I didn’t witness anyone being needlessly cruel, but as I drove away I burst into tears. You see, sweetheart, had that been me, I would have begged to stay home. I would have begged to be anywhere but there. I would have pleaded and cried and asked with all sincerity that I not be required to go to school dressed like that. Being the only one dressed that way would, for me, be enough to bring on panic and anxiety and fear. I was scared for you. I was terrified that someone would say something – do something – to make you self-conscious. I was terrified that that would be the day that changed how you saw yourself.
My tears as I pulled away from your school had nothing to do with the reality of that moment. As I said, I didn’t see anything to make me think bad things would happen. They were very real tears, though, as very real memories from my past were awakened. Sweetie, I think in this way you’re a lot stronger than I am. I’m a conformist, and I like to blend in as much as possible. I don’t want people to look at me. I don’t want to be noticed. I don’t want to be different. Even as a little kid I was that way.
But you, sweetheart, don’t mind all of that. You’re only four, but you really seem to know who you are. You really seem to know what you like and what you want to be like, and it doesn’t seem like anything can change your mind from that. I admire that so much, honey. I pray – oh, how I pray – that nothing and no one can ever do anything to squelch that beautiful spirit.
Daddy and I tell you all the time how special you are. I hope you really know that. What I really want, though, is for you not to think you’re special on your own, but to know that you are special because of Who made you and Who has already given you His stamp of approval. You see, honey, if you grow up believing that your identity and your special-ness are because of you, then you’ll take any sign of rejection as an assault on you personally. If you believe, though, that you are who you are because you were divinely created, you will never let anyone’s opinions – any child’s cruel words – any stranger’s insensitive staring – any grownup’s misunderstanding – faze you. You will not be swayed by the changing tides of public opinion, but will stand firmly on the unwavering affections of your God.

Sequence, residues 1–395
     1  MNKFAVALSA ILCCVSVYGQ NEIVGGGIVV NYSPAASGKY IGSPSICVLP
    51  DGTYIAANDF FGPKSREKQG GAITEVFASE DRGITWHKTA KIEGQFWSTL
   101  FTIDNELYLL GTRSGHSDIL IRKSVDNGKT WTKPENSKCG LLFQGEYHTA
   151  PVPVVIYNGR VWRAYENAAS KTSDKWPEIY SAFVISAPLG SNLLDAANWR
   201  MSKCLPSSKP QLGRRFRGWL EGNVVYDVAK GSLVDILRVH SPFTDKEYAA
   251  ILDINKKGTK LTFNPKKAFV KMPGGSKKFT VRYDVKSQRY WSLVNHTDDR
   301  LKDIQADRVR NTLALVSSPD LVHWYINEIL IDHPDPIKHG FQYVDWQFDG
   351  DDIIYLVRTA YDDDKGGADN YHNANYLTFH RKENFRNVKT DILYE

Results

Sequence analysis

So that’s what I want for you, honey, and I pray that God will show me how to instill that in you. I want you to have a healthy self-esteem, yes, but what I really want is for you to have a healthy view of who you are in light of who God is. Right now, you seem to get it. You are comfortable being Jennifer – crazy-dressing, silly, free-thinking Jennifer. I know how the world can be, though, and I will pray tonight and every night that God will draw you closer into His heart…closer into His affections…so that nothing and no one can ever hurt you in that way.
Yes, I am so proud of you, Jennifer. You make me proud in a million ways every day, and I am so, so thankful that I get to be your mama. I am learning so much from you; God is using you to teach me things I should have learned a long time ago. I am grateful for that, and I am grateful that the same compassionate God who has walked this road with me will be with you all the way on your journey.
I love you, sweetheart. Always.
(Note: Those of you who know my family may be confused by my reference to Jennifer. As my girl gets a little older, I’m giving her a pseudonym anytime I reference her in my online space. When I asked her what name she would want if she could have any name in the world, she said Jennifer. So Jennifer she shall be! Here, anyway….)